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Tough times: n players celebrate after winning a penaty to relieve Welsh pressure on their tryline. Photo: Paul GilhamRWC Schedule: When is the Rugby World Cup final?Rugby World Cup interactive: your guide to every teamFull coverage of the 2015 Rugby World Cup
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LONDON: It must be almost impossible to satisfy Wallabies defence guru Nathan Grey as he finds new ways to reinforce the n brick wall for their clash against Scotland on Sunday (Monday AEDT).

Just six days after the one of the most courageous and gutsy defensive efforts in Wallabies history – and boasting a side that has leaked just two tries in the tournament – Grey wants the players to rise to a new tackling level in a World Cup quarter final.

The Wallabies are still nursing some battered bodies after their superb tackling display against Wales last weekend, where they somehow survived seven minutes with just 13 players on the field.

Experts have lauded it as one of the greatest defensive performances of any n team as they held up Wales across the try-line four times and refused to wilt under pressure.

But Scotland pose a new threat and Grey says anyone still replaying the effort against Wales will be caught out by a Scotland team capable of scoring from anywhere.

“It’s not so much freshening them up. The guys are very good mentally,” defence coach Grey said.

There is a real clear understanding that we will need a better defensive effort going into the knockout stages of the tournament that we’re in.

“The guys have been training really well and we need to keep improving in each session.”

It’s hard to imagine a better defensive performance than that the Wallabies produced against Wales.

may have leaked just two tries, but Scotland have shown their attacking potency, scoring 14 tries in their four games.

That leaves them three behind the Wallabies’ try-scoring tally, but also had an 11-tries-to-nil rout against Uruguay.

In overall points, Scotland (136) is just five behind the Wallabies (141).

“Yeah for sure [we can defend better]. We still leaked points … six [against Wales] is too many as far as I’m concerned,” Grey said.

“We’re always searching for things that we can continually improve. The penalties we gave away are things we can control and we should’ve not been able to do that.

“The guys are under no illusion around we’ve got to continue to improve … we’ll take confidence out of performances we’ve had and that will set us up for our biggest game of the year.”

The Wallabies will name their team on Friday (Friday night AEDT) with coach Michael Cheika sweating on the fitness of injured duo Israel Folau and David Pocock.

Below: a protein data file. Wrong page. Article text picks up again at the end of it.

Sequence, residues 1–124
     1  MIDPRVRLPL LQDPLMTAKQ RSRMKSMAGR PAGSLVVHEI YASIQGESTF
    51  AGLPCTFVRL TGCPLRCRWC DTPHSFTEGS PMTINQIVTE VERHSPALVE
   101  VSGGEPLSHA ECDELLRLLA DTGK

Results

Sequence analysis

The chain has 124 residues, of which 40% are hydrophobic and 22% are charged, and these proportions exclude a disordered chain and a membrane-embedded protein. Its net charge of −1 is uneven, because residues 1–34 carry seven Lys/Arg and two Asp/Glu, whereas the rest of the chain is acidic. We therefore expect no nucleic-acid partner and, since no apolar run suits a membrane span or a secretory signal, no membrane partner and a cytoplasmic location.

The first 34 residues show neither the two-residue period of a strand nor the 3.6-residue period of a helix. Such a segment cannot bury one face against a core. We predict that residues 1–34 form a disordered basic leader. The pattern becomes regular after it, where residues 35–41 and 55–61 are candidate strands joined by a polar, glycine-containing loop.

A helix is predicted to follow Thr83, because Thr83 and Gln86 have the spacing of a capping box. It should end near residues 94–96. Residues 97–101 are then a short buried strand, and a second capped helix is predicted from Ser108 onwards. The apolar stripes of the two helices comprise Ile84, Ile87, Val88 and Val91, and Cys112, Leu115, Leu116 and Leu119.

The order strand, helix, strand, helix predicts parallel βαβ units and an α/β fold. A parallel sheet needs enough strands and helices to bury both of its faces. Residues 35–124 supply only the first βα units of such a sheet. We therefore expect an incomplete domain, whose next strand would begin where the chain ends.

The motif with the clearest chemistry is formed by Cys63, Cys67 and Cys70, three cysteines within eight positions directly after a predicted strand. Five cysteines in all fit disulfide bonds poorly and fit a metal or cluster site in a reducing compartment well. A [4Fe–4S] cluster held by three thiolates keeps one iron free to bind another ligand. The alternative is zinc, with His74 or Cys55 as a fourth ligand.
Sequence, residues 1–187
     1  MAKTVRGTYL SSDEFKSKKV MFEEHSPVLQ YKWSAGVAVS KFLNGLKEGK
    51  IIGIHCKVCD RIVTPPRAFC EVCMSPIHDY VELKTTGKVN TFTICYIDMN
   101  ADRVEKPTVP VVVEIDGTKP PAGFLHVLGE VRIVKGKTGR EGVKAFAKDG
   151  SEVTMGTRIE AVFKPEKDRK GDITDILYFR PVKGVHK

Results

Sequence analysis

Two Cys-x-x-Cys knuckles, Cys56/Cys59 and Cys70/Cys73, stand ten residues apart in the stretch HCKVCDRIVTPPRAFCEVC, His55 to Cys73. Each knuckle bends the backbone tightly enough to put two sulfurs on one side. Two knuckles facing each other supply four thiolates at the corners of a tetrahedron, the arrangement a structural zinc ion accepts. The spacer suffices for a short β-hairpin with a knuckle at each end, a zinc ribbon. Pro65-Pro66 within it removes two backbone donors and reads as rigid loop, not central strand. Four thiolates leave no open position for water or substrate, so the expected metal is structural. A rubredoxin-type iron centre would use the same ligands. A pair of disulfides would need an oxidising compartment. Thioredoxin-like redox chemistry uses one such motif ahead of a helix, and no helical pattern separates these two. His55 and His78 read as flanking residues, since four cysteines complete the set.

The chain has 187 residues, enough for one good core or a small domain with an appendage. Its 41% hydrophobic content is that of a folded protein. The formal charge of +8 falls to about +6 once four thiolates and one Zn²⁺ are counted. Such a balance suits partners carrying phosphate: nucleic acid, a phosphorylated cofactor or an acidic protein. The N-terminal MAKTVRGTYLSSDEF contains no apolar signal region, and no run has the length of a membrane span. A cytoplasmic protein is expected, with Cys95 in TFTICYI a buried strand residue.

Folau is expected to be ready to take his place at fullback after nursing an ankle injury for the past two weeks while Pocock is being given as long as possible to recovery from a calf injury.

Matt Giteau, who will play his 100th Test, has ticked all the boxes in his recovery from a concussion and has shown no lingering symptoms in his return to training.

Kurtley Beale and Ben McCalman loom as the men most likely to fill any holes if Folau and Pocock are unable to take their places, while vice-captain Michael Hooper is expected to make his comeback from suspension at openside flanker.


Wallabies v Scotland at Twickenham, Sunday 4pm (Monday 2am AEDT).

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need2know: Positive lead from Wall St

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US stocks advanced for the first time in three days as bank shares rebounded. Photo: Richard DrewLocal shares are poised to lift to end the week, boosted by renewed optimism on Wall St.
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What you need2know

SPI futures up 42pts at 5247

AUD at 73.23 US cents, 87.10 Japanese yen, 64.41 Euro cents and 47.33 British pence

On Wall St, S&P 500 +1.5%, Dow +1.3%, Nasdaq +1.8%

In Europe, Stoxx 50 +1.5%, FTSE +1.1%, CAC +14%, DAX +1.5%

Spot gold down $US1.53 or 0.1% to $US1182.60/ounce

Brent crude down 44 US cents or 0.9% to $US48.71/barrel

Iron ore drops 2.5% to $US53.74 per tonne

What’s on today

Financial Stability Review; Bank of Japan governor Haruhiko Kuroda speaks at an event hosted by Japan’s National Credit Union Association: US capital flows, industrial production

Stocks in focus

Woodside Petroleum CEO Peter Coleman is maintaining that his company’s $11.65 billion bid for Oil Search is “very competitive” in the face of speculation his company will make a higher offer. “We’re known for capital discipline,” Coleman told reporters in Vancouver on Thursday

Deutsche Bank retains a “buy” rating on Aristocrat Leisure with the stock trading at an 18 per cent discount to DB’s valuation of $11.00 a share.

The world’s largest producer of zircon, Iluka Resources, says it is still tracking within its full year guidance despite challenging global economic conditions impacting its key markets.


The US dollar strengthened, helped by stronger-than-expected underlying domestic inflation data. The greenback was up 0.4 per cent after a three-day slide against a basket of currencies, on track for its biggest gain since September 30. A 0.2 per cent rise in September core US consumer prices revived bets inflation is edging closer to the Federal Reserve’s 2 per cent target.